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Pioneering Geneticist Maclyn McCarty Dies

By Joe Holley
Washington Post Staff Writer
Thursday, January 6, 2005; Page B06

Maclyn McCarty, 93, a Rockefeller University physician and microbiologist who was the last surviving member of a three-person team that made one of the most momentous discoveries in the history of genetics, died Jan. 2 of congestive heart failure at St. Luke's Roosevelt University Hospital in New York City.

In 1944, Dr. McCarty and his colleagues, Oswald T. Avery and Colin MacLeod, demonstrated that deoxyribonucleic acid -- DNA -- and not protein is the substance that transmits genetic traits. This seminal discovery helped launch the field of molecular biology and laid the groundwork for Francis Crick and James Watson's discovery of DNA's double helix structure.

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The work of the Rockefeller team built on an earlier discovery by an English bacteriologist named Frederick Griffith, who, investigating the bacterium that causes pneumonia, showed that an organism such as the pneumococcus bacterium could be altered and that the alteration could be passed on to succeeding generations. Dr. McCarty and his colleagues demonstrated how that transformation took place.

Dr. McCarty, the junior member of the group, used his skills at purification to produce in a test tube a highly refined substance consisting of DNA uncontaminated with protein. The team's work was the first direct evidence that DNA -- known since 1869 but thought to lack the necessary chemical complexity -- is responsible for genetic continuity.

Nine years later, Crick and Watson, along with Maurice Wilkins, deduced DNA's structure, for which they won the Nobel Prize in 1962. Although the work of Dr. McCarty and his collaborators was described by Nobel laureate Joshua Lederberg as "the pivotal discovery of 20th century biology," the three scientists never received the widespread recognition that Watson and Crick garnered.

"The reason they [Crick and Watson] were obviously interested in studying the structure of DNA was because of our work," Dr. McCarty told Newsday in 2003. He said that he was disappointed initially by the lack of recognition but that he had too much work to do to dwell on it.

Watson himself apologized in 2003 for not citing the Rockefeller team's work.

Maclyn McCarty was born in South Bend, Ind. He graduated from Stanford University in 1933 and received his medical degree from Johns Hopkins University in 1937. He was a medical fellow, doing research on sulfonamide drugs, at New York University in 1940-41, before joining what was then known as the Rockefeller Institute for Medical Research.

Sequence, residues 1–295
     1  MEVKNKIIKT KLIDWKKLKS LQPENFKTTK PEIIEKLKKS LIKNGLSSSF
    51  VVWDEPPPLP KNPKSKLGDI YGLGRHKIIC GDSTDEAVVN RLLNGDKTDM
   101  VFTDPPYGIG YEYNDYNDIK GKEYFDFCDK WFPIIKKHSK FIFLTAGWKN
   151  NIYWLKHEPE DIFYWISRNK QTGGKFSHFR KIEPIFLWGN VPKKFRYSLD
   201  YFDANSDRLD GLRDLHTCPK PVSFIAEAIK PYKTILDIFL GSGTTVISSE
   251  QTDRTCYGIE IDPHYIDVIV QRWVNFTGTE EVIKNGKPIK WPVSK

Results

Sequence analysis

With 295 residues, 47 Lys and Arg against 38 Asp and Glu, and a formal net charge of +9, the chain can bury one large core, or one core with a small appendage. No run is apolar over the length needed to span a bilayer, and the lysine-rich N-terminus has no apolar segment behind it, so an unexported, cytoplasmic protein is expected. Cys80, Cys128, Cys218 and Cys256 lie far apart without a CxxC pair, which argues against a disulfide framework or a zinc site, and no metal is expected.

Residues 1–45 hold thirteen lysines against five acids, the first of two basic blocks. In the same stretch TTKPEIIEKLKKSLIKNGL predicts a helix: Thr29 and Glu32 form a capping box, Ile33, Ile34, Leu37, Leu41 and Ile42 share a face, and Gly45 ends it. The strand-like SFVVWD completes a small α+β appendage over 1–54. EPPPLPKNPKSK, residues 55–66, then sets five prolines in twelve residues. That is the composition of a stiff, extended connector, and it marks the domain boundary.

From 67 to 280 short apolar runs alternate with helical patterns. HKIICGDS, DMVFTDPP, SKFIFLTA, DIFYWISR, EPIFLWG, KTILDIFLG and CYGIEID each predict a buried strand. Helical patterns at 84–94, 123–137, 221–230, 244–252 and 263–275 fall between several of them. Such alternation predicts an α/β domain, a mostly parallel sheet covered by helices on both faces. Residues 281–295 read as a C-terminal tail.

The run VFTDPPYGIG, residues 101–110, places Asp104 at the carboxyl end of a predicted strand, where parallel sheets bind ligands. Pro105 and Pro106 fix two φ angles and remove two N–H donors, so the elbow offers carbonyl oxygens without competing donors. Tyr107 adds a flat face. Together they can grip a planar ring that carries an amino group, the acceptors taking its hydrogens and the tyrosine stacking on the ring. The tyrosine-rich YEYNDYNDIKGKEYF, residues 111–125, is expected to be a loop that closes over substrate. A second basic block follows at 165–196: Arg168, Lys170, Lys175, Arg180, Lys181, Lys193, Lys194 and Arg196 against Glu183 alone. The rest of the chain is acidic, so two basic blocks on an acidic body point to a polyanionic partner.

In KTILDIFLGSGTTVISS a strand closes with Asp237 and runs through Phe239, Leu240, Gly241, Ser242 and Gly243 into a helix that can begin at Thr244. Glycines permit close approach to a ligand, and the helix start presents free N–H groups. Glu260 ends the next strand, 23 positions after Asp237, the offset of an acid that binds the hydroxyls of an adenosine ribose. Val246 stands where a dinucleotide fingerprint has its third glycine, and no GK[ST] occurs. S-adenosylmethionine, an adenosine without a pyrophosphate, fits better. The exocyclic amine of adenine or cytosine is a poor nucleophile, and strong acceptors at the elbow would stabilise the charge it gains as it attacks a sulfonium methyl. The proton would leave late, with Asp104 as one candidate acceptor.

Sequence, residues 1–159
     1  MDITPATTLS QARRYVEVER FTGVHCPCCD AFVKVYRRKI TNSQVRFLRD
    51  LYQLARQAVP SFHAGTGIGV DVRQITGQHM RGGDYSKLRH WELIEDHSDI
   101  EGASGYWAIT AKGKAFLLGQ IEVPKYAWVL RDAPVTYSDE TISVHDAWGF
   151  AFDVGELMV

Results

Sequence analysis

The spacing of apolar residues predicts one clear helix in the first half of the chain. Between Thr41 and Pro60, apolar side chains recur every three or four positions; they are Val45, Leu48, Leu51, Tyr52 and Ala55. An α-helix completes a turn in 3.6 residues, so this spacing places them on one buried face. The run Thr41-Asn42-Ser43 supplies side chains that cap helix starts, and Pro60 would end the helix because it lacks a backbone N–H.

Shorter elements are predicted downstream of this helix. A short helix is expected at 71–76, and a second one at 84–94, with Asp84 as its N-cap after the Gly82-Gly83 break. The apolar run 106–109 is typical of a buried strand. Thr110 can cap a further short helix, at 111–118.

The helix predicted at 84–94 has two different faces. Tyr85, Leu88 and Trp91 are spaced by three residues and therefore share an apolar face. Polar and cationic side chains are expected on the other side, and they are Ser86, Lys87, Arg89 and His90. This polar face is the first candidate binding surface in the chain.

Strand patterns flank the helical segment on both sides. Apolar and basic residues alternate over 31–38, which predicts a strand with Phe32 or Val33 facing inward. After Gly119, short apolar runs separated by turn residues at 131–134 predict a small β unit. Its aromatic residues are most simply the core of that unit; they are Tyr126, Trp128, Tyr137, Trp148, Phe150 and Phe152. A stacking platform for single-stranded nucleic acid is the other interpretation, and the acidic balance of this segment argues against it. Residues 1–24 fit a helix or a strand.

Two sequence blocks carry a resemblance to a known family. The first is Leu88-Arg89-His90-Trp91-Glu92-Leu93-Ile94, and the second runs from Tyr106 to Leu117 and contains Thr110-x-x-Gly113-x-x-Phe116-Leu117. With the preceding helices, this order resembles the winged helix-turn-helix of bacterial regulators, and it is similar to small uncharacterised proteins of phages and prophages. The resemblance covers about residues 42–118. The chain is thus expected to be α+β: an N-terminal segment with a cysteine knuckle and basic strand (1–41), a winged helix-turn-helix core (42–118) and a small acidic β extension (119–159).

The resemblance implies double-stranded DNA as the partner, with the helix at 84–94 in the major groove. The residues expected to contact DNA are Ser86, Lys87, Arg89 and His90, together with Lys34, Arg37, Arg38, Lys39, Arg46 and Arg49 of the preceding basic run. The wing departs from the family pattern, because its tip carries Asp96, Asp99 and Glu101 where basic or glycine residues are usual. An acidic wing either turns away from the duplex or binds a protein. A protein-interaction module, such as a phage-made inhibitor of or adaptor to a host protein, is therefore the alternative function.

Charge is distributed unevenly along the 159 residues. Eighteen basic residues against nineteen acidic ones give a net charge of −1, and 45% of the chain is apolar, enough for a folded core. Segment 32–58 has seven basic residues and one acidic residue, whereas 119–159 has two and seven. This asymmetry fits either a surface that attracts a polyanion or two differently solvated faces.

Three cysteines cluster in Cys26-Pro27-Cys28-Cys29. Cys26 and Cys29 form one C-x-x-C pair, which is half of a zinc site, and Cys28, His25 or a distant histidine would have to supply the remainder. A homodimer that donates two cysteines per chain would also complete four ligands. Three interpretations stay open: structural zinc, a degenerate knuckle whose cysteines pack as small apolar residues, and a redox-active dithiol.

From 1942 to 1946, he was on active duty as a lieutenant commander in the Navy Medical Corps, working with the Naval Medical Research Unit based at the Rockefeller Institute Hospital. He was named an associate at Rockefeller in 1946.

In addition to his DNA research, Dr. McCarty was an expert on the Group A streptococcus, which causes rheumatic fever, a disease that destroys the heart valve and afflicts mostly children. His chemical analysis helped to make streptococci one of the most thoroughly understood of the disease-causing bacteria.

From 1960 to 1974, he was physician in chief of Rockefeller University Hospital. He became a vice president of the university in 1965 and was named a John D. Rockefeller Jr. professor in 1977. He retired as vice president in 1978 but held the Rockefeller chair until 1981, when he became professor emeritus.

Although he never won the Nobel Prize his peers believed his work deserved, he received America's most prestigious scientific prize, the 1994 Albert Lasker Award for Special Achievement in Medical Science, among many other honors. He also was the author of "The Transforming Principle" (1983), a chronicle of his landmark discovery.

Survivors include his wife, Marjorie McCarty of New York City; three children, Richard E. McCarty of Baltimore, Colin Avery McCarty of Clifton Park, N.Y., and Dale Dinunzio of Bradenton, Fla.; eight grandchildren; and five great-grandchildren.

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